We've Overestimated the Life Saving Value of Mammograms, Study Says
Have you had your yearly mammogram? The question conjures up fear or relief depending upon whether the respondent's answer is "yes" and they are in the "all clear" or "no." And since men have been known to have breast cancer, this could apply to them as well, though the likelihood is much greater for women. However, the medical profession and adherents/patients of traditional medicine have placed a great value on the mammograms' usefulness as a diagnostic tool to save life. But according to a recent study, this is an overextended exaggeration.
What are the chances that mammograms actually help save women's lives? According to a new analysis published in The Archives of Internal Medicine on Monday, the likelihood is less than 50%. Actually it is around 13% which means that for 87% of the women who had a mammogram, the diagnostic did not help them.
In a telephone interview, professor of medicine at the Dartmouth Institute for Health Policy and Clinical Practice, in Hanover, N.H., study leader, Dr. Gilbert Welch discussed the above issue with a Reuters correspondent.
Those percentages are "important when we keep hearing these stories from breast cancer survivors." (Julie Steenhuysen, Reuters)
In the study, Welch calculated that the average 50-year-old woman’s risk of having breast cancer (picked up on an annual mammogram) over the next 10 years to be about 2 percent. Her risk of dying from that cancer was about 1 percent. And if she didn't have a mammogram? She would have had about a 1.2 percent chance of dying from breast cancer. (Kotz, Boston Globe) Currently, the government-backed U.S. Preventive Services Task Force recommends that women under 40 do not get a mammogram and that women 50 and older get one every other year.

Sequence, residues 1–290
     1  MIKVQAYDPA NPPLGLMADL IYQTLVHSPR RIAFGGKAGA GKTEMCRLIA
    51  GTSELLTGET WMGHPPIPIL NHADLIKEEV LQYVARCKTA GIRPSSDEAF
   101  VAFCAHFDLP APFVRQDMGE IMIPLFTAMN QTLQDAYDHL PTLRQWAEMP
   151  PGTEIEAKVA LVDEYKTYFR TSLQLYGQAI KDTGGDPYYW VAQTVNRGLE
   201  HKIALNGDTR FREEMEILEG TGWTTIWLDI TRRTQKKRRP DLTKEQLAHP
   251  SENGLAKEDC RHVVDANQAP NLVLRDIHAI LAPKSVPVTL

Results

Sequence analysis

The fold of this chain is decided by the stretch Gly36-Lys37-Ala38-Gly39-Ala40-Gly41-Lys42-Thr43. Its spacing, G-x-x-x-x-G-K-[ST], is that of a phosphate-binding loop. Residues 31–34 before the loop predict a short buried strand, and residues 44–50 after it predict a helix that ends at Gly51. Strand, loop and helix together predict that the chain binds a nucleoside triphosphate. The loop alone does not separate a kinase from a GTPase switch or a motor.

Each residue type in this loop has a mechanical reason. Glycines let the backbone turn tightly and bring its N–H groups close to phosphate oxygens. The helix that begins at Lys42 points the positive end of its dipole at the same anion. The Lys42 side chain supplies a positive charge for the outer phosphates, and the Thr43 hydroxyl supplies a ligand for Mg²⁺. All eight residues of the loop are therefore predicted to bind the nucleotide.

Since women share their cancer survivor stories with each other and women who do not "yet" have cancer, the component they often emphasize is the necessity of the mammogram in detecting their cancer and "saving their lives." Dr. Welch told Reuters that this inevitable persuasion legitimizes and overextends the mammogram's perceived effectiveness. Indeed, only about 1 in 8 women whose breast cancer was identified during a routine mammogram actually owe their lives to the screening. (Anne Harding, Time/ Healthland) And as mammogram technology has improved, the chances are even greater that doctors will find something suspicious when it is actually a false positive reading. And this can lead to unnecessary additional screenings and biopsies which in the majority of instances means more radiation, fear, anxiety and tissue scarring than is needed.
The assumption has been that early detection is a great benefit when dealing with cancer. However, what if a cancer is slow growing? Welch and colleagues suggest that there is little benefit if this is the case.Continued on the next page